Access to Indigenous Health Services

http://aihw.gov.au/publication-detail/?id=10737418966

Aboriginal and Torres Strait Islander people (Indigenous Australians) typically die at much younger ages than other Australians and are more likely to experience disability and reduced quality of life because of ill health. One important contributor to health and wellbeing is access to health services. This paper examines Indigenous Australians’ use of a range of health services, including those that provide preventive, primary and community health, hospital or specialised care.

Summary

Aboriginal and Torres Strait Islander people (Indigenous Australians) typically die at much younger ages than other Australians and are more likely to experience disability and reduced quality of life because of ill health. One important contributor to health and wellbeing is access to health services. This paper examines Indigenous Australians’ use of a range of health services, including those that provide preventive, primary and community health, hospital or specialised care. It is one of nine papers in the AIHW Indigenous Biennial Observatory series.

Preventive health services

  • In December 2009, Indigenous children were less likely than their non-Indigenous counterparts to be fully immunised at 1, 2 and 5 years of age.
  • The number of Indigenous-specific health checks delivered to Indigenous children aged less than 15 years, and reimbursed by Medicare, more than doubled between September 2006 and September 2009.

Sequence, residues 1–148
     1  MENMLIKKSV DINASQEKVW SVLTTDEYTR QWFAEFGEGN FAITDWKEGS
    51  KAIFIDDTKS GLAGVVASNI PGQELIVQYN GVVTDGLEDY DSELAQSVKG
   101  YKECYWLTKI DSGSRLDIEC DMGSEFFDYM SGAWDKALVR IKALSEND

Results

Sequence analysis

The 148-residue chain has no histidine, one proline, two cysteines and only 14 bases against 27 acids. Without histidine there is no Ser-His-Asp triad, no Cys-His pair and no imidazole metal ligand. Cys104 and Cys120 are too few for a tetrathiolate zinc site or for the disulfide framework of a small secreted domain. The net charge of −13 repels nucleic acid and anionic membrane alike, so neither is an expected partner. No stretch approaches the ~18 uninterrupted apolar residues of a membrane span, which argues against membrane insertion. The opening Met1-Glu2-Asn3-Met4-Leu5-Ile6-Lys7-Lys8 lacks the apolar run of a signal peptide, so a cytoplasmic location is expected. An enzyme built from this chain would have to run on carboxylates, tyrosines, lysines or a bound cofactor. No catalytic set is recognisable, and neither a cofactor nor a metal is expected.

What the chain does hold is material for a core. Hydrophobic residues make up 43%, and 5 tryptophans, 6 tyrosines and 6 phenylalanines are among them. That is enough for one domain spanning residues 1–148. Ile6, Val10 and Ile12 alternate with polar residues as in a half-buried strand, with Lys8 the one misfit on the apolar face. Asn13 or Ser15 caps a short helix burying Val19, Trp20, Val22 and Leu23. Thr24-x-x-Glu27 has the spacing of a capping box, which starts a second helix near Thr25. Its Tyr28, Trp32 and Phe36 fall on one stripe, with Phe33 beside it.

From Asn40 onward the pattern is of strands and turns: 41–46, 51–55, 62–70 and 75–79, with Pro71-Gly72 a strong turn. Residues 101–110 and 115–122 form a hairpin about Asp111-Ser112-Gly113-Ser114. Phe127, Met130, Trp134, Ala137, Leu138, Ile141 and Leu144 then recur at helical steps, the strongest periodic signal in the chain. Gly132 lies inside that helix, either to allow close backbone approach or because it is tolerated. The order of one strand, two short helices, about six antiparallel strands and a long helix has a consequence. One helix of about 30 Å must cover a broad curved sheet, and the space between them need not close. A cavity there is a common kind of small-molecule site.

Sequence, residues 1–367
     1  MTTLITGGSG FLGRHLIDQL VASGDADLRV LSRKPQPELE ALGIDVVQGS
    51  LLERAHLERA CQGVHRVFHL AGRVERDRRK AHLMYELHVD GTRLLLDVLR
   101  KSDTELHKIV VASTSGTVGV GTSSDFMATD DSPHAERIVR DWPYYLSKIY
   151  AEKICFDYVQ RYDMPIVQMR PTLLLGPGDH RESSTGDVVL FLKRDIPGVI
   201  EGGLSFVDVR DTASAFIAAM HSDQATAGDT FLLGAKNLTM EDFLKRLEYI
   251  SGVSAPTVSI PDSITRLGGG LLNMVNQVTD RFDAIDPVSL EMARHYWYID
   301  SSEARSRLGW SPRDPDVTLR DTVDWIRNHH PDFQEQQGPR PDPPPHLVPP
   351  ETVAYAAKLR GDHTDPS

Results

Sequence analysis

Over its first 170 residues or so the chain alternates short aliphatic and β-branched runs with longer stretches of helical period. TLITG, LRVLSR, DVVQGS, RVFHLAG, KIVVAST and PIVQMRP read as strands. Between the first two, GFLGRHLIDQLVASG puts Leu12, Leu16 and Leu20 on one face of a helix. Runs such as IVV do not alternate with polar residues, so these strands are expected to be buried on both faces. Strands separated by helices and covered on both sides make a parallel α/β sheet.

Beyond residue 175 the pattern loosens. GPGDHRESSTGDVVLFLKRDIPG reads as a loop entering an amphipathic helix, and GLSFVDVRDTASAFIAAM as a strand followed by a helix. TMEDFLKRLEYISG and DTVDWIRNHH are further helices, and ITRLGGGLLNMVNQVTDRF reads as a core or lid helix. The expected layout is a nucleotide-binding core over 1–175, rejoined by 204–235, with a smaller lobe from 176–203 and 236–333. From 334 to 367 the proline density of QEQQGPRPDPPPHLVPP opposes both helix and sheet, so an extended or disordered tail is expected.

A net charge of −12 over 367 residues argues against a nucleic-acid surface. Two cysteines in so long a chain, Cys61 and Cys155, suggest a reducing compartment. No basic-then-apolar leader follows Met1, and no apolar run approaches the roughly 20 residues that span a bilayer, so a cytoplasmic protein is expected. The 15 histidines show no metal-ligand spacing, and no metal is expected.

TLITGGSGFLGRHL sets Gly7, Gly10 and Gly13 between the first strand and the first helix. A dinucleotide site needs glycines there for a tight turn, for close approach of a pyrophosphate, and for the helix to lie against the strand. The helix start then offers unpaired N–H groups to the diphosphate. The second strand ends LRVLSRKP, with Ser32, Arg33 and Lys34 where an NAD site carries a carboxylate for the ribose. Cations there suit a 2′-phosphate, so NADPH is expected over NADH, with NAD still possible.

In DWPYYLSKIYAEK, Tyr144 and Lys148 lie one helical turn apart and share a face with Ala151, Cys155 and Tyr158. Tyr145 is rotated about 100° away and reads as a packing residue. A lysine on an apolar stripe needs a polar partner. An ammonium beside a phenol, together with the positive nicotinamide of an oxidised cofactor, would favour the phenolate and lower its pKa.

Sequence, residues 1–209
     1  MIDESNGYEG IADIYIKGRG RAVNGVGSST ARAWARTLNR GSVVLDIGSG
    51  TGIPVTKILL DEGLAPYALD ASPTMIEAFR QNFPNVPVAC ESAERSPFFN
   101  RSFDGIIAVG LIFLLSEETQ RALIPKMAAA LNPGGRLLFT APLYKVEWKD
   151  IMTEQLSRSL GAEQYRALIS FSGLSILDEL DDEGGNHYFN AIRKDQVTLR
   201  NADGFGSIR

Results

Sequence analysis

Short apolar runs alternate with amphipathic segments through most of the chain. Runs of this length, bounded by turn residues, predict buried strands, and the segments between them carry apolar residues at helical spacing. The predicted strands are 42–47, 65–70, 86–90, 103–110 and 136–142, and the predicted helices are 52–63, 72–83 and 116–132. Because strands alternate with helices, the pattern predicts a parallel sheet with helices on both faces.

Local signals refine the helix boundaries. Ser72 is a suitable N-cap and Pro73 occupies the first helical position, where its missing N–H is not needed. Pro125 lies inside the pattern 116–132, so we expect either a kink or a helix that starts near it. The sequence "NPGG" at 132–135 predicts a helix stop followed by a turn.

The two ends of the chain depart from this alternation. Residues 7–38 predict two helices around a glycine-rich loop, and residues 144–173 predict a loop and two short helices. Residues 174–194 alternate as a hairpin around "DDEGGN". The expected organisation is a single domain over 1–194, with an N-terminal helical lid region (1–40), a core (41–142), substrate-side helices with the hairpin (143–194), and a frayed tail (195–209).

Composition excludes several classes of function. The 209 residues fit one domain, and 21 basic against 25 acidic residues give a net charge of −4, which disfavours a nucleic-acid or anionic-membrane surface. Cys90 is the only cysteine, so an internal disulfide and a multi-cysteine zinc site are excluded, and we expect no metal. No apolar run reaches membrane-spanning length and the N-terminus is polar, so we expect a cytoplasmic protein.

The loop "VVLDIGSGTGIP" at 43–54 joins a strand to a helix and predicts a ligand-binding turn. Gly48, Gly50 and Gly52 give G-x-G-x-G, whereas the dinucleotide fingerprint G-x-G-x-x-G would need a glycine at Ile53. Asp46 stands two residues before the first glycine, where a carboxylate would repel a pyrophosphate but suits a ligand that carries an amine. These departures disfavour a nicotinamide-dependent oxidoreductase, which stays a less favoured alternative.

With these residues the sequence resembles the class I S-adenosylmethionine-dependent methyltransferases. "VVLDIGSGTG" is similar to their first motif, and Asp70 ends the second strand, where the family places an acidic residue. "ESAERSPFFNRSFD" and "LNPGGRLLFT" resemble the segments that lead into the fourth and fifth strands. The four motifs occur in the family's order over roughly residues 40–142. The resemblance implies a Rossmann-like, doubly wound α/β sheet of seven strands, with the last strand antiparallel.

• Indigenous women aged 50-69 years were less likely than all women in this target age group to have received a breast cancer screen from BreastScreen Australia programs in 2007 and 2008.

Primary and community health services

  • In 2009-10, general practice-type service use, reimbursed by Medicare, was similar for Indigenous Australians and non-Indigenous Australians.
  • The rate of potentially preventable hospitalisations for Indigenous people was 4.9 times the rate for other Australians in 2008-09.

Hospital services

  • Compared with other Australians, Aboriginal and Torres Strait Islander people were more than two times as likely to be hospitalised than other Australians although less likely to undergo a procedure while in hospital.
  • Indigenous Australians had longer waiting times than other Australians for a range of public elective surgeries, including cataract extraction, septoplasty and total hip replacement.

Specialised services

  • In 2009-10, Indigenous Australians had slightly lower usage rates of Medicare-reimbursed specialist services than non-Indigenous Australians.
  • In 2008-09, around 17,000 treatment episodes for alcohol and/or other drugs were provided to clients of Aboriginal and/or Torres Strait Islander origin, accounting for 12% of all treatment episodes.
  • Between 2003-04 and 2008-09, the number of hearing services provided to Indigenous clients under the Community Service Obligations program more than tripled.